In our column, we did not explore other scenarios involving rogue electors, simply because we wanted to rest on what should be the blindingly obvious point that the Twelfth Amendment's House-selects-the-president scenario would not work for Trump, so long as Biden had a majority of the appointed electors. In my sole-authored followup column the next day, however, I expanded on some alternative hypotheticals:
Let me be clear here. Trump is saying that he can forum-shop (moving the election to the House) simply by getting motivated state legislatures that are dominated by Republicans to knock out their own electoral votes, if those votes would have gone to Biden. And if Republicans running the legislative branches in Michigan and Wisconsin did the same thing, the total of 22 electoral votes in those two states would suddenly disappear from Biden's total, moving the vote to 250 for Trump and 246 for Biden.I am not, therefore, saying that there are no circumstances under which the numbers could work for Trump, if enough Republicans are able to twist enough rules in enough states. Even there, however, the point is that it is the Electoral College that would have elected Trump, not the House. In a two-person race, the only way the Twelfth Amendment could move the decision to the House is in the case of a tie.
And that is the strategy that the newly revealed two-page memo from Trump's hack lawyer describes. He claims that Republicans could have gotten seven states' electors disqualified, which would have handed the election -- through a 232-222 vote in the Electoral College, not the House -- to Trump. Or, to put it differently, the Twelfth Amendment is not what Trumpists were hoping to use to steal Biden's win. What made a theft possible is the absurdly vague provisions in the Electoral Count Act that Josh Hawley and Ted Cruz would have used to complete the Republicans' nefarious plan.
The lawyer's memo, then, in the end merely amounts to saying this: "Buchanan/Dorf/Tribe say that Biden would still win if we only f*ck with Pennsylvania. But we can f*ck with as many states as we need to f*ck with, until we f*ckin' win." And if they had been able to put it all together in time (which was apparently why they were hoping that Mike Pence would at least delay a final decision, to allow them to whip the relevant states' Republicans into shape), they would have been right. Trump would have won -- in the Electoral College. Which, again, is hugely counter-majoritarian in its own right.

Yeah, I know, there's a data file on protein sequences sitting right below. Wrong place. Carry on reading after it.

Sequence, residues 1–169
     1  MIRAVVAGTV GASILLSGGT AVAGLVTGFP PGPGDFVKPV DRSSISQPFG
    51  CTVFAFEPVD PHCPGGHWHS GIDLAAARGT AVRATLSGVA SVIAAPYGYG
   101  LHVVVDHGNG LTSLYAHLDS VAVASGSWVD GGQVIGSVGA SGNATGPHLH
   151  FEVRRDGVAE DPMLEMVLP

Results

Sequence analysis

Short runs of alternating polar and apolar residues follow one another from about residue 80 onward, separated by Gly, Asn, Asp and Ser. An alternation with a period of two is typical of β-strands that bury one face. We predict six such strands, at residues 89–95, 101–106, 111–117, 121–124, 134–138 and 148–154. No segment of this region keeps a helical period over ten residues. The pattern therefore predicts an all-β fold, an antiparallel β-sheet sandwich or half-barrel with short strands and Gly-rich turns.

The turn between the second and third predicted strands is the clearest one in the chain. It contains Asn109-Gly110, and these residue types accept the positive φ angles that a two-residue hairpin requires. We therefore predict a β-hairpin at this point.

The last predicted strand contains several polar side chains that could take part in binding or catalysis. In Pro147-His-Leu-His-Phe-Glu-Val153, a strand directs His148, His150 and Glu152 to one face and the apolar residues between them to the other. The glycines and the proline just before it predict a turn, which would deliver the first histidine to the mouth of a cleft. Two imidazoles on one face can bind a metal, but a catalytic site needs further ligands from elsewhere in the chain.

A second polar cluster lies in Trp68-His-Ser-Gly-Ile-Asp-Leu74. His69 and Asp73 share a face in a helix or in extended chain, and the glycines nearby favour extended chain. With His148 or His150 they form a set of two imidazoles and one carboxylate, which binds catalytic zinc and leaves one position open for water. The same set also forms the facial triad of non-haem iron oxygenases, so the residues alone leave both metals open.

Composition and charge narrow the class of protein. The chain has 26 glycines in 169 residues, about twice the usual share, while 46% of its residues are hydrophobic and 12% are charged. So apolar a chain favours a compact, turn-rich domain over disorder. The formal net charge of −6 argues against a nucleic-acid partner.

Again, the odd thing about all of this is that the Twelfth Amendment is so, so clear. By its own terms, it is simply irrelevant in all instances except tie votes. Even so, people across the political spectrum have somehow absorbed the idea that Trump's throw-it-to-the-House idea was a viable plan. On the political left, this was viewed with regret, but the validity of the idea itself was never challenged. In the supposedly objective news divisions, and even among those opinionators who (to put it mildly) are not motivated by fealty to Trump, it was accepted without question that the Twelfth Amendment means something that it simply does not mean. Over the last year, I have stopped keeping track of how many times a Jake Tapper or a Chris Hayes has casually accepted that premise in the course of making some other point.
A related recent example comes from the NeverTrump right, where Philip Rotner on The Bulwark wrote earlier this week about the newly revealed Trumpist coup memo. Although Rotner draws some nice quotes from Professor Tribe to knock down a number of Trumpist claims (the memo's claims are "jaw-droppingly stupid," said Tribe), the focus was on the question of whether Pence would be able to hand the election to Trump if he (Pence) were willing to lie brazenly enough. Rotner nonetheless muddles the key point.
The Twelfth Amendment simply doesn’t permit a vice president to gavel in a president if no candidate wins a majority of the electoral votes. Instead, it sets out a somewhat convoluted process in which the decision is thrown to the House of Representatives, not to the vice president.